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Laramie Movie Scope:
True Crime

A crime, a reporter and a final deadline

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by Robert Roten, Film Critic
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March 21, 1999 -- "True Crime" is one of those rare movies which portrays a newspaper reporter as a hero. It would be tough for me, a reporter, not to like that. It also takes a serious and unflattering look at the death penalty, a very unpopular thing to do. And who would attempt such a project? Clint Eastwood, of course.

Clint Eastwood stars (and directs the film) as Steve Everett, an alcoholic, womanizer who is almost washed up as a reporter. He has one thing going for him, when he's not drinking, that is; he has a nose for news, a kind of journalistic intuition.

Everett's nose tells him something stinks in the case of Frank Beachum (Isaiah Washington of "Out of Sight" and "Bullworth") who is on death row. Everett inherits the story on the day of Beachum's execution because of the accidental death of a reporter who was covering the case. He gets to work, reviewing documents, interviewing witnesses and stirring up trouble.

As if it isn't hard enough crack a 6-year-old murder case in 15 hours, Everett also has to fight with his bosses and wife over his extra-marital affair with his boss' wife. In the real world, most of the day would have been taken up with commuting time in the congested San Francisco Bay area. There's no way Everett would have made the deadline if he had to drive everywhere, as he does in this movie. The sudden change of mind of one witness also did not quite ring true.

Some of the best scenes in the movie involve Everett and his fire-breathing boss, Alan Mann (James Woods). Woods has a great time chewing up the scenery and is a good match for Eastwood's intensity. Washington is just right as the death row inmate and the rest of the supporting cast is very effective.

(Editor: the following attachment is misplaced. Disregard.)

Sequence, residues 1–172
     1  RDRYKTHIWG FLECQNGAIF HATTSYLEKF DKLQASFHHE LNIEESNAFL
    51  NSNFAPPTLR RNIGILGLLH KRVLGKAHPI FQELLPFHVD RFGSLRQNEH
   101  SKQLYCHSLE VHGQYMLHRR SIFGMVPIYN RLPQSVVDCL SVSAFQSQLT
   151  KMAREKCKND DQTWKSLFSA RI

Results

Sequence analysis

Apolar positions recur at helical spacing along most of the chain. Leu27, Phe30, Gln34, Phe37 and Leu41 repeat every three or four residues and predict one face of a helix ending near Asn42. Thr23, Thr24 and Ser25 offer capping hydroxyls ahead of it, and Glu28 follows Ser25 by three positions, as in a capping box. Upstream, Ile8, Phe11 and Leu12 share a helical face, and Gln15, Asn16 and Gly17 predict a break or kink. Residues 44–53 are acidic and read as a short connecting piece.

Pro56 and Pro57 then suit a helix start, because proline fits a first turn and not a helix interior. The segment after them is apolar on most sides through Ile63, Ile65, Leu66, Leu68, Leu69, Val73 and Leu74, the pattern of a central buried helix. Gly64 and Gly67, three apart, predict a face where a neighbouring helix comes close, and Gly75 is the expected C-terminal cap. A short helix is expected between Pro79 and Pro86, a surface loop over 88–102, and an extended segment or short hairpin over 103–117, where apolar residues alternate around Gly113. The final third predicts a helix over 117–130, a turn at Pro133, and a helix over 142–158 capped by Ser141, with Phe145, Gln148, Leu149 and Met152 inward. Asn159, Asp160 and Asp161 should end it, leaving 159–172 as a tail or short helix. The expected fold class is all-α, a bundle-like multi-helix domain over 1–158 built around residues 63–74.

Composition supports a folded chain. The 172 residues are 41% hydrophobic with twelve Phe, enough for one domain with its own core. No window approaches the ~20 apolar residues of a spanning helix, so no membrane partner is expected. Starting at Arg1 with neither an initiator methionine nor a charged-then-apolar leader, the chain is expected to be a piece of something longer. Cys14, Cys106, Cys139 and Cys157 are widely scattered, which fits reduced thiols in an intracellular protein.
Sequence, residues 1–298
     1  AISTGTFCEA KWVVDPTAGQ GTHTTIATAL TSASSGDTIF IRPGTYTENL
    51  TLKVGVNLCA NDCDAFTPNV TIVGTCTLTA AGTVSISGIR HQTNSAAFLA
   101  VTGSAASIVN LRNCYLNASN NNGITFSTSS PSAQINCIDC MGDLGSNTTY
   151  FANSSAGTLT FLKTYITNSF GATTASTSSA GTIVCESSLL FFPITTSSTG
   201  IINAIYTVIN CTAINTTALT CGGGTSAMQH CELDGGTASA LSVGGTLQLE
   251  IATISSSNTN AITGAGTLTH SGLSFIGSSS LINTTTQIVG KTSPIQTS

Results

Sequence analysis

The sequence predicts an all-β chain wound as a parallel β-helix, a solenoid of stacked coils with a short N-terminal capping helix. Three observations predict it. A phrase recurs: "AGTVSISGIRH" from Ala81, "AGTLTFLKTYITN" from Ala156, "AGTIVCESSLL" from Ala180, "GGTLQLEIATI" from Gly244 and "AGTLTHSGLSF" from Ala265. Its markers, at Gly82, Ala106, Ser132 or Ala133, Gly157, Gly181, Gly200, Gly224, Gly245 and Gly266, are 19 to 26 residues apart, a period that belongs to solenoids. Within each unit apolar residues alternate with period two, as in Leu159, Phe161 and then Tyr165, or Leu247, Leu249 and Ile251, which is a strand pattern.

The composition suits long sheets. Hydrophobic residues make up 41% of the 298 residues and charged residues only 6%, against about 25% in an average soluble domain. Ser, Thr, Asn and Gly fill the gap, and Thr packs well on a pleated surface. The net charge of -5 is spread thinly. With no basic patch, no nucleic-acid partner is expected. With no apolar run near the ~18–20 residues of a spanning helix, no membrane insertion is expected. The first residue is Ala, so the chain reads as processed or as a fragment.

While this is a formula movie and the ending is predictable, it is fun getting there. It isn't really a family film, however, since there is a lot of obscene language and some sexually-suggestive scenes. Eastwood brings a gritty realism to his character. The idea of an innocent man on death row isn't as far fetched as it might seem either. By some estimates about 10 percent of the people on death row in the U.S. are, in fact, not guilty. A good number of them, like the Beachum character, are poor and black, convicted by white juries. This film rates a B.

One of the links from the movie's web page (the link is below) is some material from the ACLU on the death penalty, including this: "Several factors help explain why the judicial system cannot guarantee that justice will never miscarry: overzealous prosecution, mistaken or perjured testimony, faulty police work, coerced confessions, the defendant's previous criminal record, inept defense counsel, seemingly conclusive circumstantial evidence, and community pressure for a conviction, among others. And when the system does go wrong, it is volunteers outside the criminal justice system journalists, for example who rectify the errors, not the police or prosecutors. To retain the death penalty in the face of the demonstrable failures of the system is unacceptable, especially since there are no strong overriding reasons to favor the death penalty."

Click here for links to places to buy this movie in video and/or DVD format, the soundtrack, books, even used videos, games and lots of other stuff. I suggest you shop at least two of these places before buying anything. Prices seem to vary continuously. For more information on this film, click on this link to The Internet Movie Database. Type in the name of the movie in the search box and press enter. You will be able to find background information on the film, the actors, and links to much more information.

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Copyright © 1999 Robert Roten. All rights reserved.
Reproduced with the permission of the copyright holder.
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Robert Roten can be reached via e-mail at my last name at lariat dot org. [Mailer button: image of letter and envelope]